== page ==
The Court of Federal Claims largely allowed to move forward a suit brought by the Municipality of Anchorage, Alaska, against the Department of Transportation's Maritime Administration for breach of a contract related to a $302 million port expansion project, according to an opinion published Thursday.
The U.S. Supreme Court agreed Friday to hear an appeal from Austria's national railway seeking protection from an American woman's personal injury suit under the Foreign Sovereign Immunities Act, a move that ignored advice from the U.S. solicitor general to deny certiorari.
The Ninth Circuit on Friday revived a suit claiming a Kimberly-Clark Corp. unit's pain pump injured an Oregon woman, ordering a new trial and saying the district court improperly declined to give requested jury instructions it believed were preempted by federal law.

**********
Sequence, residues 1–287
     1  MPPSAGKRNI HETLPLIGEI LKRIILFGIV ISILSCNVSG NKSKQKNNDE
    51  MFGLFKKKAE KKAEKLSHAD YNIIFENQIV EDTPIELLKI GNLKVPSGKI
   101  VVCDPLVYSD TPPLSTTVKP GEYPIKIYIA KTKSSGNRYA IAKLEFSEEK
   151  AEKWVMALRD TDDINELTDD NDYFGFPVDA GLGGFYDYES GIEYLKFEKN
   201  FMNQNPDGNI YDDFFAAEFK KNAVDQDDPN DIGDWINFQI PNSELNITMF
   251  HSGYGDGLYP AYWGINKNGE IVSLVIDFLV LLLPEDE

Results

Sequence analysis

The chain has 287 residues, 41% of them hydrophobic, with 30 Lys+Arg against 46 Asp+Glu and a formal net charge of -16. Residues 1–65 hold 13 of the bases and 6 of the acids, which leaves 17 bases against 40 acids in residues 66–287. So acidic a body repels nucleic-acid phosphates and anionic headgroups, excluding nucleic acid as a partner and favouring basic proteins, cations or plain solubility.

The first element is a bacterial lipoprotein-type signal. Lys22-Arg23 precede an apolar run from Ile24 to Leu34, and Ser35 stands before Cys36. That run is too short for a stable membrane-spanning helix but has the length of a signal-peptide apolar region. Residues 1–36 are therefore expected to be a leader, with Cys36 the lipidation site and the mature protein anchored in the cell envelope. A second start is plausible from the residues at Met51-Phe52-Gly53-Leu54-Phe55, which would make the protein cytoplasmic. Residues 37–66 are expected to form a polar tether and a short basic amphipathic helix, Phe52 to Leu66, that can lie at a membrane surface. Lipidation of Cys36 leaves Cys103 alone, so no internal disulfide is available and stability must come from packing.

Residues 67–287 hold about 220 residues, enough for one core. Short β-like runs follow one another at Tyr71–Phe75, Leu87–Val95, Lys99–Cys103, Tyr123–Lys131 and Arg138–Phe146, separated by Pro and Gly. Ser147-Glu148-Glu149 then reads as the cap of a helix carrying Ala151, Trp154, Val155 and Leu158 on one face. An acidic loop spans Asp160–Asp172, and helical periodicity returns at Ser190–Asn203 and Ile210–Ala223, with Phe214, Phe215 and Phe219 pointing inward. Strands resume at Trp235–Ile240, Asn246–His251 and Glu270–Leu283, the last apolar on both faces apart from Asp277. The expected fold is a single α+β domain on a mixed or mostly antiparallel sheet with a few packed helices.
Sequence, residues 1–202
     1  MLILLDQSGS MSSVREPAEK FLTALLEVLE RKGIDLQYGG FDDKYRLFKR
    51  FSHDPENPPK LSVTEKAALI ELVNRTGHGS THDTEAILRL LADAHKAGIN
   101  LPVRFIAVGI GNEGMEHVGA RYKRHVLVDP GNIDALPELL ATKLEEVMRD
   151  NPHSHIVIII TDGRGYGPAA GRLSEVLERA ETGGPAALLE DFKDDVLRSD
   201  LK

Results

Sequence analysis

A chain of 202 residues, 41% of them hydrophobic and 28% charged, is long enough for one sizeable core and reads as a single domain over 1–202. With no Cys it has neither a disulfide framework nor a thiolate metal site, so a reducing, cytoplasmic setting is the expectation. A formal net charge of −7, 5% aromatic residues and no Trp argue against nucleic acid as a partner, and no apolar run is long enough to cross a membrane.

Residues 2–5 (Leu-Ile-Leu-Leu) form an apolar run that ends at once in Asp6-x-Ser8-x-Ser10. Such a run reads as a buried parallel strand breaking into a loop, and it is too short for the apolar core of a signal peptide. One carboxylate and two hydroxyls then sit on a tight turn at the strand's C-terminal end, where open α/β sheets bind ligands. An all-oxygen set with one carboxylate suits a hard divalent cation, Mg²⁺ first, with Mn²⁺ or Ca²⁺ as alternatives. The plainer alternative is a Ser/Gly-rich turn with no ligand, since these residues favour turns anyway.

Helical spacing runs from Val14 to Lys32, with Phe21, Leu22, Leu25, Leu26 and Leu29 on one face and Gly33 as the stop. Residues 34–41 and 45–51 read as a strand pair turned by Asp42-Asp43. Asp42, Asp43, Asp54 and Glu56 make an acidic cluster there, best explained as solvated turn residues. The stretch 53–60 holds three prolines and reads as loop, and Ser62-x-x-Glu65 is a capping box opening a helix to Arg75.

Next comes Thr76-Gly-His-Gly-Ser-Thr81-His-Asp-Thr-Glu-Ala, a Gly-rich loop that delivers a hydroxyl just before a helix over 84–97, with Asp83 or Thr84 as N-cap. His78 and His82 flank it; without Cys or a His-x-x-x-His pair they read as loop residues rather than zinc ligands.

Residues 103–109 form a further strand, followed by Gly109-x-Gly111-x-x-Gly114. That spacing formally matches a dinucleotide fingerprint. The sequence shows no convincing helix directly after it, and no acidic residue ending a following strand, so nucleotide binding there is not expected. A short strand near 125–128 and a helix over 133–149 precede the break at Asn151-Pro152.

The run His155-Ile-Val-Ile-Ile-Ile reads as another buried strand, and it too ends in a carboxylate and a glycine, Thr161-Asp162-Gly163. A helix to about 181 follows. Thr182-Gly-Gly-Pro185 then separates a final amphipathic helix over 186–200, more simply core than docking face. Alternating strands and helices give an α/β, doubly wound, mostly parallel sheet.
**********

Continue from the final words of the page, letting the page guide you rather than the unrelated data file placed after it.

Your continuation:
A California appeals court on Thursday revived McMillin Companies LLC's suit against American Safety Indemnity Co. over coverage for construction defect litigation by reversing a lower court ruling that left McMillin without evidence of damages, while finding that ASIC should be allowed to present evidence disputing its alleged duty to defend.
A Johnson & Johnson request for additional discovery to ferret out fraudulent lawsuits is nothing more than a delaying tactic, plaintiffs’ attorneys in transvaginal mesh multidistrict litigation said Thursday, arguing the company has offered no proof they were involved in illegal plaintiff solicitation.
An Illinois appeals court's recent ruling that three insurers must defend Illinois Tool Works Inc. in thousands of toxic tort suits even if the underlying claims are unfounded clarifies duty-to-defend standards under state law and gives policyholders an edge in seeking coverage for suits containing vague and ambiguous allegations, experts say.
A U.S. Tax Court judge on Thursday greenlighted redactions Medtronic Inc. had made to witness reports to keep proprietary information off the books in its upcoming trial against the Internal Revenue Service over a $561 million tax dispute involving a Puerto Rican subsidiary.